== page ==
Locally there are old photographs of elephants processing along the streets of Bridport, without a car in sight, but plenty of happy onlookers. For example “Sally and Leila visiting West Bay”—did they go for a paddle? Bridport Museum in its Local History Centre has a photograph of four elephants being taken from the railway at Bridport Station to the circus in South Street, each ridden by its Mahout. The circus has changed significantly in recent years in respecting animal rights and we no longer see caged animals made to perform tricks or in a menagerie. But the circus continues to entertain us.

The Museum Centre Staff kindly found copies of advertisements for example “May 1892 Farewell Tour of E H Bostock’s Grand Star Menagerie and Circus of Varieties. Three Great Animal Trainers. The Young Cardono with four monster performing lions with the untameable Lion Wallace. Applaud the young Hero as he emerges from the Den. Fair Field, St Michael’s Lane, Bridport”. Another of April 1895 advertises “Prof. E K Crocker’s 30 marvellously educated horses, ponies, donkeys and mules—endorsed by popular praises the most Unique Exhibition of the Age. An entirely New and Novel Act entitled “Le Carouselle”, a Unique Act by 10 Beautiful Ponies at the Drill Hall Bridport”. Finally I found “Fourpawr’s Gigantic Circus & Hippodrome combined with Anderton & Haslam’s Monster Double Menagerie & Museum September 1896 with 150 horses, ponies and mules, 50 carriages and wagons, 40 star artistes, 300 beasts, birds and reptiles, 8 funny clowns, two distinct bands, a herd of camels and dromedaries, wonderful performing elephants—Special engagement of Captain Rowland the most daring lion tamer will perform with 5 distinct groups of savage animals”.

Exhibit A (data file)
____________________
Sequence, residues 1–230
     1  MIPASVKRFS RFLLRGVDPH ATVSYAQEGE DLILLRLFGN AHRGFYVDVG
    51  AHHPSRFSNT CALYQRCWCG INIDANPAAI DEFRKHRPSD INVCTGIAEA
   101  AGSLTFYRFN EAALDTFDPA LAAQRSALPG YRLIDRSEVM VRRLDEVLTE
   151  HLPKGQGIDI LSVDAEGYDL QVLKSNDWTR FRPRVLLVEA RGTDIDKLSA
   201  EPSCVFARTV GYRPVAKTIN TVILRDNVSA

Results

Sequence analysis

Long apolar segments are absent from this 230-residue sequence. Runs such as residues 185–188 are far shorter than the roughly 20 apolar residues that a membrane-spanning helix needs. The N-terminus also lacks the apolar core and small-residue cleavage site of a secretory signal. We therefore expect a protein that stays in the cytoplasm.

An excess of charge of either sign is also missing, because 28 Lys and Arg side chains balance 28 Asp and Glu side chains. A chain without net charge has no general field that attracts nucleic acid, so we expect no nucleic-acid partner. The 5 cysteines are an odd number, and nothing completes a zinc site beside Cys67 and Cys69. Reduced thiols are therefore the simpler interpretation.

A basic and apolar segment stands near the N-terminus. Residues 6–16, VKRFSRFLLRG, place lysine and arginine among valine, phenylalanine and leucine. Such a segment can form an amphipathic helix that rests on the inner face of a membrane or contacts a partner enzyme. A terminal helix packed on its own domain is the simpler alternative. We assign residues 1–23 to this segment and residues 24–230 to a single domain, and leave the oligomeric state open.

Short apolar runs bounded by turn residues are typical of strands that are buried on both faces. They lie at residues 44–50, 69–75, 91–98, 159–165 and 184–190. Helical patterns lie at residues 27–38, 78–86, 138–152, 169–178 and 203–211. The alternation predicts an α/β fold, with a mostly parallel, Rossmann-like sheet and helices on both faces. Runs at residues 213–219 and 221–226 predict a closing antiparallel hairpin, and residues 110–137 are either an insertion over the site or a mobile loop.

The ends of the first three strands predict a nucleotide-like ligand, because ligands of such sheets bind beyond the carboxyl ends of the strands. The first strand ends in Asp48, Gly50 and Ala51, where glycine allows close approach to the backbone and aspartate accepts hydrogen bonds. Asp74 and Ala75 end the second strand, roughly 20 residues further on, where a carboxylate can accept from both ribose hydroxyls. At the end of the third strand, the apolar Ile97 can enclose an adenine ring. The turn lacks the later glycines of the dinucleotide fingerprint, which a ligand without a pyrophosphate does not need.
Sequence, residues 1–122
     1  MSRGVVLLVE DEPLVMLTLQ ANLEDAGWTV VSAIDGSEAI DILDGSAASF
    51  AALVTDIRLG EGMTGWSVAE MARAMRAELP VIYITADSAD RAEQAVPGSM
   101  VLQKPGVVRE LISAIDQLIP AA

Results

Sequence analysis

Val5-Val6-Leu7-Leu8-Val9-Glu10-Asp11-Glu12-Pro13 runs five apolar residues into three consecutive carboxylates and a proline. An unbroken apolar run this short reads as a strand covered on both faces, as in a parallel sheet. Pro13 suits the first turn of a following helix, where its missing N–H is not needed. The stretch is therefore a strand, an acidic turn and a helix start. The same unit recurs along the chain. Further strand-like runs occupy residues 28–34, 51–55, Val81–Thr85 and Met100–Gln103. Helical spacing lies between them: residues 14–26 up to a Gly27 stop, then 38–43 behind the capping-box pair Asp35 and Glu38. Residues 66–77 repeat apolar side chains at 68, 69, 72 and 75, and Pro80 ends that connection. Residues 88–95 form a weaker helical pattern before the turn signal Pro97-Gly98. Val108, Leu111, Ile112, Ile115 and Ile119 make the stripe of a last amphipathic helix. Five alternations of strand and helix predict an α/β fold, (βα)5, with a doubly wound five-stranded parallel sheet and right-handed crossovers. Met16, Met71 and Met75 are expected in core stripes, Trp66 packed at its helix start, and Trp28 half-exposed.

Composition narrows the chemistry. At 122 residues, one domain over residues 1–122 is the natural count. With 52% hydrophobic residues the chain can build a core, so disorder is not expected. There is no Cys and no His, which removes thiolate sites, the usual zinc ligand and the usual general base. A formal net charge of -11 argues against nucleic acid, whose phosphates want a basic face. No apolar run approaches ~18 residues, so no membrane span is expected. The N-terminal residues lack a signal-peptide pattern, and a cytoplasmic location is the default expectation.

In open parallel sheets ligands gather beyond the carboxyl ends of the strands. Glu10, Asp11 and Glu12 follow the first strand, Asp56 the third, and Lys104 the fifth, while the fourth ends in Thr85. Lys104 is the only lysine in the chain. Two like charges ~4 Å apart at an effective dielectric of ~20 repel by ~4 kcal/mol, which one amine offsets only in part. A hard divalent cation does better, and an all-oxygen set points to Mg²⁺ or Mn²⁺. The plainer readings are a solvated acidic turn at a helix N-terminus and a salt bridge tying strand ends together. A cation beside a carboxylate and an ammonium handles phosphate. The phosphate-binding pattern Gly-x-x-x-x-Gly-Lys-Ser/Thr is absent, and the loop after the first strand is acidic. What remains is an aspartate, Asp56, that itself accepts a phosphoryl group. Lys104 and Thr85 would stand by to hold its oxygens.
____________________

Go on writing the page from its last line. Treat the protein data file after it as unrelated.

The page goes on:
If you are not amazed by all the capital letters and claims, just note the following: Admission 3s, 2s, 1s, and 6d (This is the standard charge for all these shows at the time.)

You may question if the Romans had invented the circus? They had contests between gladiators and possibly wild animal shows and acrobats etc., with the public seated approximately in a circle in their amphitheatres, but were not performing in a circus ring. We may recall Maumbury Rings just on the outskirts of Dorchester, towards Weymouth. This is believed to have been a Neolithic Henge originally, with ramparts of earth and modified by the Romans as an open-air amphitheatre for shows of some sort. Later it was fortified by the Parliamentarians during the Civil War and more recently equipped with anti-aircraft guns in World War II, according to Bill Putnam in Roman Dorset. It has subsequently been used as an open-air theatre but after its modifications throughout history it is a far cry from the “Big Top”.

If a circus comes to a field near you, go along and recapture the atmosphere of the old shows and think of the daring Mr Astley.

Bridport History Society does not meet in August, but there is an exhibition in Bridport Town Hall by Bridport Heritage Forum from 1st to 19th August—“War, Peace and New Beginnings”.


Cecil Amor, Hon. President Bridport History Society.